In which we synchronize computers
with the rest of the world.
- You can count the cycles of any regular phenomenon to keep time. Physics is very helpful here.
- Unix time is a useful way to represent time in code. It is (roughly) the number of seconds since the beginning of 1970.
- Python's time.time() checks the Unix time. Beware time zones and leap seconds.
- time.monotonic() taps into an accurate monotonic clock that works beautifully for timing code.
- time.sleep() is conservative tool for pausing your code. It never undersleeps, but always oversleeps just a bit.
- These tools can be used to construct a pacemaker for keeping repetitive code executing on a strict cadence.
1. Online Unix time converter:
3. Python's time module:
4. List of UTC Offsets (Wikipedia):
5. Sedat Kapanoğlu. Street Coder: The Rules to Break and How to Break Them.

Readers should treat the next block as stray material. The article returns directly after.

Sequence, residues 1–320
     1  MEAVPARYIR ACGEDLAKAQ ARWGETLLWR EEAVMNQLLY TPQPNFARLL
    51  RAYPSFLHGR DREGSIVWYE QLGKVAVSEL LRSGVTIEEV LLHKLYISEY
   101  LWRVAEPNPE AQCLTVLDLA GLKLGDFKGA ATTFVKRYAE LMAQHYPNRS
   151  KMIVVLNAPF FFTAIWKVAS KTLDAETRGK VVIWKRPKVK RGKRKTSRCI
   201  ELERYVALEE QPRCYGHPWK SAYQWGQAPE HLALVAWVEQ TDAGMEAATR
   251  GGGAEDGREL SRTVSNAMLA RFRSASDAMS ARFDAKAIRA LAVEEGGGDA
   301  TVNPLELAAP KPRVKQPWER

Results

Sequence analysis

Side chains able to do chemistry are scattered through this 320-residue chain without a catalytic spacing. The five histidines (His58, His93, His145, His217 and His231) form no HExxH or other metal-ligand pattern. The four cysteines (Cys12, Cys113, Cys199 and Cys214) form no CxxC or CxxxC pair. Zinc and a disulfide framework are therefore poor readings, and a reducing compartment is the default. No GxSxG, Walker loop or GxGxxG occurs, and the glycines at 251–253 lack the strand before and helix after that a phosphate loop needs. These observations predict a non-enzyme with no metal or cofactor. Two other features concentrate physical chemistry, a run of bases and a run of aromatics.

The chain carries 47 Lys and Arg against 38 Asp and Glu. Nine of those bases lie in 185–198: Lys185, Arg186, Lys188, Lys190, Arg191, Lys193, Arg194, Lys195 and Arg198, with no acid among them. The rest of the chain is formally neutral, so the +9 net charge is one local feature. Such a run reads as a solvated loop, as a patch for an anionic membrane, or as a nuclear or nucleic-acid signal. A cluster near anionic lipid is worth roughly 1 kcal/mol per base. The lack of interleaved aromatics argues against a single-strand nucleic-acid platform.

Manning, 2021. ISBN:9781617298370
6. Aleksey Shipilёv. Nanotrusting the Nanotime. Last updated 2014-09-28.
7. From the Python 3.11 documentation for time.time():
On Unix, time.sleep() now uses the clock_nanosleep() or nanosleep() function, if available, which has a resolution of 1 nanosecond (10-9 seconds), rather than using select() which has a resolution of 1 microsecond (10-6 seconds). (Contributed by Benjamin Szőke and Victor Stinner in bpo-21302.)
On Windows 8.1 and newer, time.sleep() now uses a waitable timer based on high-resolution timers which has a resolution of 100 nanoseconds (10-7 seconds). Previously, it had a resolution of 1 millisecond (10-3 seconds). (Contributed by Benjamin Szőke, Dong-hee Na, Eryk Sun and Victor Stinner in bpo-21302 and bpo-45429.)